(NEW YORK) -- All the Halloween sweet treats, fun costumes, and spooky decorations are fun for parents and kids, but those same holiday staples can be truly frightful when it comes to children's allergies.
Allergy specialists say food allergy triggers are their biggest concern on Halloween, but there are other items that can cause dangerous reactions in children.
"The most common childhood allergies are peanuts, tree nuts, wheat, soy, eggs and milk, and these are certainly in a lot of candies," said Dr. Scott Sicherer, professor of pediatrics at the Jaffe Food Allergy Center at The Mount Sinai Medical Center in New York.
One of the most important things to do is to check what's in the candy. That's especially true, allergists say, if candy or treats don't have ingredients listed on the labels or have no labels at all.
If parents suspect their children may have food allergies, they should avoid any candy or baked goods with unknown ingredients. Children should also be taught to politely decline homemade treats.
Parents should also carry emergency medication with them, such as an epinephrine auto-injector and antihistamines.
The ACAAI considers costumes another potential Halloween hazard.
"Watch out for nickel in costume accessories, from cowboy belts and pirate swords to tiaras and magic wands," the academy warns. "Nickel is one of the most common causes of allergic contact dermatitis, which can make skin itchy and spoil trick or treating fun." Parents should also check costume labels in case of latex allergies.
They also recommend washing old Halloween costumes in hot water if they are going to be re-used.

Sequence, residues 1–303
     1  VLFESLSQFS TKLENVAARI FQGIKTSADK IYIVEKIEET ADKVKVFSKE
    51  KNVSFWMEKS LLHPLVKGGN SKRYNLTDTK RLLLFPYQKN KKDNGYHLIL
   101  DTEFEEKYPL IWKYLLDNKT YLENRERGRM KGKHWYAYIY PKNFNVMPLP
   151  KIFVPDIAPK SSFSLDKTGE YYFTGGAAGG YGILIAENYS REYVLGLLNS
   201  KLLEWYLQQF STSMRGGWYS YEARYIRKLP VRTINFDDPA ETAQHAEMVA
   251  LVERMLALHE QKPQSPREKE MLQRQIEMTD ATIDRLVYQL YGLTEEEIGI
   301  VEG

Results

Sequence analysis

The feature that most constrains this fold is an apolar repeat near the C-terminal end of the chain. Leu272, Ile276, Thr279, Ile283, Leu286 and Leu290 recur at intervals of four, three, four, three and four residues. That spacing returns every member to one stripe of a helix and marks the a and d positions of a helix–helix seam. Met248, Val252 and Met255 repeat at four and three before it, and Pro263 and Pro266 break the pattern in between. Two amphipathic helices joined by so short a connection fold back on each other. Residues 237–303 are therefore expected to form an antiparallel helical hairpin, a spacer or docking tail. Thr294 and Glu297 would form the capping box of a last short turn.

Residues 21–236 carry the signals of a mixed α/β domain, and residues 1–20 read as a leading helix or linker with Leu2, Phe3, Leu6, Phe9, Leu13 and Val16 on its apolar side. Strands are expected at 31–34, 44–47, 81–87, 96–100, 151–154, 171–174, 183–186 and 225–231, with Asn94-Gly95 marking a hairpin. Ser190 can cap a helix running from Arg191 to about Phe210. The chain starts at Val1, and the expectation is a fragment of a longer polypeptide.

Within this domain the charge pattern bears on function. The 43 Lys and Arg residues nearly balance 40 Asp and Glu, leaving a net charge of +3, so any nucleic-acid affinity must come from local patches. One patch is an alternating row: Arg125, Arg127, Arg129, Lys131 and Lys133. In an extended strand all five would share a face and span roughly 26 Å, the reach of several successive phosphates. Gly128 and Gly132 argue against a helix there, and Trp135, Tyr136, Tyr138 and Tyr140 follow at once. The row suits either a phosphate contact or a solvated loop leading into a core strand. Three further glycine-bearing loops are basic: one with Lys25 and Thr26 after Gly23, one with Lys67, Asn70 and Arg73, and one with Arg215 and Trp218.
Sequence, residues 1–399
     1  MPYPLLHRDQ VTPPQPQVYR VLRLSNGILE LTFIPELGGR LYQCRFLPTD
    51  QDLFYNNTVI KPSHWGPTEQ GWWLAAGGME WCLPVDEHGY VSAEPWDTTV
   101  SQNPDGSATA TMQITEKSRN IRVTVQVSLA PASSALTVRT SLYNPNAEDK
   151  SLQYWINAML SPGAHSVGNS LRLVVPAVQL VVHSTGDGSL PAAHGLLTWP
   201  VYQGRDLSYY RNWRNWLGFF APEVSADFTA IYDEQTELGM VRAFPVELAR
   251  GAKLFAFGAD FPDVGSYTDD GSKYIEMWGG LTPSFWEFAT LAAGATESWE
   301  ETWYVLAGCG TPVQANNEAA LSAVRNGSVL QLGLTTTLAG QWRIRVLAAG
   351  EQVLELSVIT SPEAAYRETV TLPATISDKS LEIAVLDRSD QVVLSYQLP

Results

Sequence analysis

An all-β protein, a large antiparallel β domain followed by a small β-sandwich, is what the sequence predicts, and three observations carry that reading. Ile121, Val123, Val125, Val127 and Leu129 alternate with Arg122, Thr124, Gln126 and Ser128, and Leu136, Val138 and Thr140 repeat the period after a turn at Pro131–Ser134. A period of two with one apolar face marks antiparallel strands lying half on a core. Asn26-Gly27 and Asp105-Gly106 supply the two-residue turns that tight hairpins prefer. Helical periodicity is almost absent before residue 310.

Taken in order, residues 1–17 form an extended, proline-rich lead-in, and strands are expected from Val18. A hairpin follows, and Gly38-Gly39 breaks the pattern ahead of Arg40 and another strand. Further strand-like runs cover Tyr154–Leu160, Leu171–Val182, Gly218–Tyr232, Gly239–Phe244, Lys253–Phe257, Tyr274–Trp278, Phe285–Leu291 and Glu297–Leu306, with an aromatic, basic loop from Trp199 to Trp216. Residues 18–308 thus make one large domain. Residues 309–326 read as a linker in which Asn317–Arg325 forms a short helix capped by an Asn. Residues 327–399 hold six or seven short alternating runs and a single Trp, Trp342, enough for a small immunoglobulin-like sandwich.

Kids may be excited about their Halloween transformation into vampires or zombies, but some of the makeup they use could trigger skin allergies.
Face paints should wash off easily, and hypoallergenic makeup is the best option, according to the National Jewish Medical Center.
Children prone to red, itchy skin or eczema should not wear any kind of greasy face paint.
The ACAAI recommends using better-quality theater makeup, and also suggests testing makeup on a small area of skin before Halloween, since it can take a few days for an allergic reaction to occur.
And while fog machines can help create some scary holiday fun, they can also be dangerous for some children.
The chemical can irritate the airway, similar to smoke and other air pollutants.
Finally, although part of the holiday fun is all about the thrill of feeling scared, those emotions can lead to breathing problems in some children. Being out in the cold air and running from house to house can trigger asthma.
But just because some elements of traditional Halloween could bring about respiratory problems, that doesn't mean kids and adults can't have fun as long as they're prepared, experts say.
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